Commercial and retail leases – a stitch in time
Commercial leases generally cover the leasing of such areas as offices, warehouses or industrial facilities. A specific type of commercial lease, a retail lease, applies to retail premises: shop fronts, food outlets, and stores inside shopping centres. The Retail Leases Act 1994 (NSW) covers these leases and also defines specific cases where the Act does not apply. The purpose of the Retail Lease is to give extra protection to these tenants.
Whatever the type of lease, it is a formal and legal agreement between landlord and tenant, lessor and lessee, that defines both the obligations and the rights of both parties. That said, no lease can make demands that contravene established law.
Commercial leases need to cover all reasonably foreseeable circumstances and can therefore become somewhat complex. It is crucial that both parties are fully aware of implications before acceptance and signing.
Nevertheless, difficulties do arise. In many cases the cause can be misunderstanding or inattention due to business workload or other stressors.
In the last year or so, one such stressor has been the COVID pandemic. This has placed great stress on tenants with enforced closures, and quite restrictive rules even when allowed to operate. Landlords have likewise been required to be accommodating with rent. Government assistance for both sides has been offered, nevertheless, times have been demanding for all.
There are many possibilities for disputes to arise, including:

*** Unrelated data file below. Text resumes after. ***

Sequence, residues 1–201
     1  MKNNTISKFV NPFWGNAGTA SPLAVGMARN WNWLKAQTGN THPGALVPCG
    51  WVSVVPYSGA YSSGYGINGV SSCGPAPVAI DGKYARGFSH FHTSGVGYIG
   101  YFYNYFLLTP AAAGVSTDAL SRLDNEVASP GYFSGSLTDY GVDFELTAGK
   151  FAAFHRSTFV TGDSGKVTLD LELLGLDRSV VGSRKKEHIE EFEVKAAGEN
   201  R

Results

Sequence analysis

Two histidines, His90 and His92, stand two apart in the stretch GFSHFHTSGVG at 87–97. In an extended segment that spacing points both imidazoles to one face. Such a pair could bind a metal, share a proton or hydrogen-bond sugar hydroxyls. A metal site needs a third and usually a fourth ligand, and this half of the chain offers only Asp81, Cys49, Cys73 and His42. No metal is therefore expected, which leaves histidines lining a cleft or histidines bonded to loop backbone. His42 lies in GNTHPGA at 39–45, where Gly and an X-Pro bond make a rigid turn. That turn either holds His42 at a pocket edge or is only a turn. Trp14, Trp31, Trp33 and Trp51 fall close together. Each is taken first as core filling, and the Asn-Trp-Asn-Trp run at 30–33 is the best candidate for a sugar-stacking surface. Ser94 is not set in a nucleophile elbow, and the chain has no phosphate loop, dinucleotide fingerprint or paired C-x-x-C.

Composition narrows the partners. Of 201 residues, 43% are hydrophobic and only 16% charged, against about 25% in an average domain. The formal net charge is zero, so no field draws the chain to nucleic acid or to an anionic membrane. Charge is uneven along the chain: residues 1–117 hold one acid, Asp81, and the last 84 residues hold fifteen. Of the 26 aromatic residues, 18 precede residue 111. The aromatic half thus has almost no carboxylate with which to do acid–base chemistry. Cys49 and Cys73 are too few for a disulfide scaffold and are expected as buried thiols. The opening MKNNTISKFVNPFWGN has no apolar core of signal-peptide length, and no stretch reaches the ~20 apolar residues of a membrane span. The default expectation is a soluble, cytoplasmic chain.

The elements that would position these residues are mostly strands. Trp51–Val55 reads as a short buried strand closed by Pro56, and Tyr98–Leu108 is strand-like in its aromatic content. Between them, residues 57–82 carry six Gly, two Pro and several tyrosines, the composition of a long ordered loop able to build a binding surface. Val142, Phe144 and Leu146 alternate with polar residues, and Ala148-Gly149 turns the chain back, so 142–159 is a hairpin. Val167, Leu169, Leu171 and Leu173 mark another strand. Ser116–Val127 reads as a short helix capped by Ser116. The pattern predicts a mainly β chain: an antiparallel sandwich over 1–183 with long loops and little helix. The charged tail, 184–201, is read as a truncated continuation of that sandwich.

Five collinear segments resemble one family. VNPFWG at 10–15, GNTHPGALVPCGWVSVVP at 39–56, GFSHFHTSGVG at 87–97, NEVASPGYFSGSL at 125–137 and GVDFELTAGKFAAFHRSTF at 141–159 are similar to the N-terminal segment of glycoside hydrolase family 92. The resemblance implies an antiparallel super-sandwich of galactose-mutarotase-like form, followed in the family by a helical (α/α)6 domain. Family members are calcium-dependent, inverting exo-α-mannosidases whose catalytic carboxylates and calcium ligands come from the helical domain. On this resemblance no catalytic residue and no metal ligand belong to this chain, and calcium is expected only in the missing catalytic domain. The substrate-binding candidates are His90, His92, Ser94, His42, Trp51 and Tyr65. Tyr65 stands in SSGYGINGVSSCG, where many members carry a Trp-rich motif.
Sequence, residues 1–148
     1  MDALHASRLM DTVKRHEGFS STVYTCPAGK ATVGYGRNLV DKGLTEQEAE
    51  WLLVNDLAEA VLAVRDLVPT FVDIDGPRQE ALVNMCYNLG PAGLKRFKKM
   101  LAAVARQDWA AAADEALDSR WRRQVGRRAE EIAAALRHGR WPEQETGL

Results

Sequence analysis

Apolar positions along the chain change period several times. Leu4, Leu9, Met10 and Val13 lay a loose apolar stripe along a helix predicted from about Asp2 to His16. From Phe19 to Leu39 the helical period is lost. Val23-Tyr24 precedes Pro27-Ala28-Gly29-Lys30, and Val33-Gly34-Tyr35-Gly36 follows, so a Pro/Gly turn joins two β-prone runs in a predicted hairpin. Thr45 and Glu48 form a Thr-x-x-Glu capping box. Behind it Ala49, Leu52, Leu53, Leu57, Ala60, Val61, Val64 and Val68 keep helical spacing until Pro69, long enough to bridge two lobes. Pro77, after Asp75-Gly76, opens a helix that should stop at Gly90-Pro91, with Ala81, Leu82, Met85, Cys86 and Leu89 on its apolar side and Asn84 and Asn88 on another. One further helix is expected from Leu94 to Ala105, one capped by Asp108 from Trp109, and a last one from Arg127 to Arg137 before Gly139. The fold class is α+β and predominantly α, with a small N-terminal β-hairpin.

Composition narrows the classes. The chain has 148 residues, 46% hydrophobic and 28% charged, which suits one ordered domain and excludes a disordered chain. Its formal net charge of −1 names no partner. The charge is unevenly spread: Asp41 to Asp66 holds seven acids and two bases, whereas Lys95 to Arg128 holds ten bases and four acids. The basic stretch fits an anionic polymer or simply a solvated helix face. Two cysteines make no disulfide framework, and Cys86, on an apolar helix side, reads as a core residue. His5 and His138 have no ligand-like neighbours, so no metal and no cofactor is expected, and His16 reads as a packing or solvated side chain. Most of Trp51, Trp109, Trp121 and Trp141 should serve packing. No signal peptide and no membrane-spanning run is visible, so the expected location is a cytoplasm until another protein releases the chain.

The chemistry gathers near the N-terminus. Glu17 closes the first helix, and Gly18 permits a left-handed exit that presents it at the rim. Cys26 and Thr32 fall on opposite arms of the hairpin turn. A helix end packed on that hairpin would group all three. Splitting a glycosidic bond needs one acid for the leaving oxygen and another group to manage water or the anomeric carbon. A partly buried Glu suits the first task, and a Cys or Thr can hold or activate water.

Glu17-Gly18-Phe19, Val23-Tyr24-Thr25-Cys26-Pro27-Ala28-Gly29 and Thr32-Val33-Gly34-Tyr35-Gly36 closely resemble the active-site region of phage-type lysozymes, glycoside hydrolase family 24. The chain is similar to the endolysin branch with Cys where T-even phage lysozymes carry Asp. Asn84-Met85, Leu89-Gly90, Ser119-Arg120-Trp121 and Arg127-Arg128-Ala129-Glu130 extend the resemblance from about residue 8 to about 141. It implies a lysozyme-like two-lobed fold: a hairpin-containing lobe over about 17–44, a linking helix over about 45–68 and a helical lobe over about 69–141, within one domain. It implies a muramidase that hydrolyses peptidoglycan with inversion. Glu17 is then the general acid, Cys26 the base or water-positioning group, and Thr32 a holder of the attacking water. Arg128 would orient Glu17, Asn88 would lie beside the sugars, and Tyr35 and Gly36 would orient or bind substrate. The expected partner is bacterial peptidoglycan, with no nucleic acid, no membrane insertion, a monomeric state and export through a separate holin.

- A landlord may be seeking restitution for a failure to pay rent, or perhaps have a property dispute where a tenant has damaged rental premises. In these circumstances the landlord will be seeking damages – essentially, asking to be reimbursed so that they are returned to the position they would have been in had the tenant not breached their obligations.
- Equally, a tenant may seek damages if they have been denied proper access to their premises, as required under the terms of the lease. They will be asking for reimbursement to reinstate their position – either financially, or in terms of lost opportunity or damaged reputation.
It will come as no surprise that the first step in any perceived dispute is to communicate with the other party. It is often the case that what one party sees as an impending problem is actually just an accidental oversight. Such informal discussions should nevertheless be documented: date and time, people present, what was discussed. If resolution is agreed upon, this too should be well documented in case of future disagreement.
When first steps fail
Retail lease disputes are handled by the NSW Civil & Administrative Tribunal (NCAT), however, except for urgent circumstances, the Tribunal will require that mediation be attempted first through the NSW Small Business Commissioner. Should that mediation be unsuccessful, the Commissioner will issue a certificate to that effect, and application may then be made to NCAT with the certificate attached.
NCAT hearings are less formal than court hearings – generally the applicant will present their case, and then the respondent will present theirs. Both parties are entitled to legal representation.
Where the commercial lease is not a Retail Lease, NCAT has no jurisdiction, and proceedings will take place in the Local, District, or Supreme Court.
In either case, sound legal advice is imperative in order that real or perceived breaches of lease requirements are handled correctly.
Commercial Law – it’s what we do. Owen Hodge Lawyers. We are here to help. If you have a question about commercial leasing disputes please don’t hesitate to contact us on 1800 770 780 or send us an email at email@example.com.